The density of large cities is what makes them great. It’s what makes for efficient public transportation, superior infrastructure and tightly knit communities. However, extreme urban density often goes hand in hand with scarcity of both open and public space, the amount of which is extremely important to urban inhabitants’ psychological well-being. Green spaces with trees and plants also help cool cities, provide shade and clean the air. How do we create more open green spaces in cities with very limited available space?
Jill Fehrenbacher asks: In crowded cities, how do we create better and more public green space to improve quality of life?
Matteo Cibic answers: I have been living in Milan since 2000 and, shockingly, since then have not once sat on a bench underneath a tree here. It seems there is very little room to create new green spaces. So, I started thinking: If you can pay to park your car in front of your house or office, why can’t you also pay to have a tree right there?
A SOCIAL AWARENESS TOOL
This bothered me so much that I decided to create a concept that allows citizens to individually decide where they want a green public space.
HOW IT WORKS
Imagine a tree and bench installed on wheels, which could be parked just like a car. Citizens could decide to finance the stay and maintenance of this little garden and park it wherever they like. Parking it would also reduce the number of available parking slots, and thus would also function as an experiment showing if people are ultimately willing to sacrifice parking space for green space.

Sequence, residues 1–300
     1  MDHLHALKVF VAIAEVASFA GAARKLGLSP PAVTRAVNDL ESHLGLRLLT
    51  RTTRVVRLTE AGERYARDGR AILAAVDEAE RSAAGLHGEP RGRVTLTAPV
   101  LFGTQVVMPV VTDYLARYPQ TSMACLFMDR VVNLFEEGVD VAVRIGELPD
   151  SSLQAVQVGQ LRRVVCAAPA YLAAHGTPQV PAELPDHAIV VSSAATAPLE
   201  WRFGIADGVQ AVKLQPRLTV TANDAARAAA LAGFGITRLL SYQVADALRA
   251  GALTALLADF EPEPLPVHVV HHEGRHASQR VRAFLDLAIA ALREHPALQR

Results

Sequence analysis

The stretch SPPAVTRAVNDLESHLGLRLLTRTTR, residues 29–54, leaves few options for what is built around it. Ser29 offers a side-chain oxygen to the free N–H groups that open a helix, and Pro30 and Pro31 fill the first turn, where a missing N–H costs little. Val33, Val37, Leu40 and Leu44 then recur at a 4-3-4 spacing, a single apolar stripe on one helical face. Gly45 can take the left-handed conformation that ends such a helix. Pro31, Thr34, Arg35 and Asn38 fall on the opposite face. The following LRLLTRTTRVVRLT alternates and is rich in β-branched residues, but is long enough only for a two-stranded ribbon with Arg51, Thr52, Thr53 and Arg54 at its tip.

SERVICES FOR THE COMMUNITY
In addition to the bench and tree, the device could also deliver additional services to the neighborhood. It could reduce the “electro smog”, the hundreds of private hotspots currently operating separately in one location, by installing one WiFi hotspot, accessible to everyone. It would make the neighborhood safer thanks to a help button and a light to illuminate dark streets. It could also have a USB charger for people who’d like to work outdoors. I see this social and design concept as a great way to make my hometown, Milan, a better and more livable place. With these portable gardens, we could create new green areas right in the heart of the city, and everyone could live right next to a tree once in a while.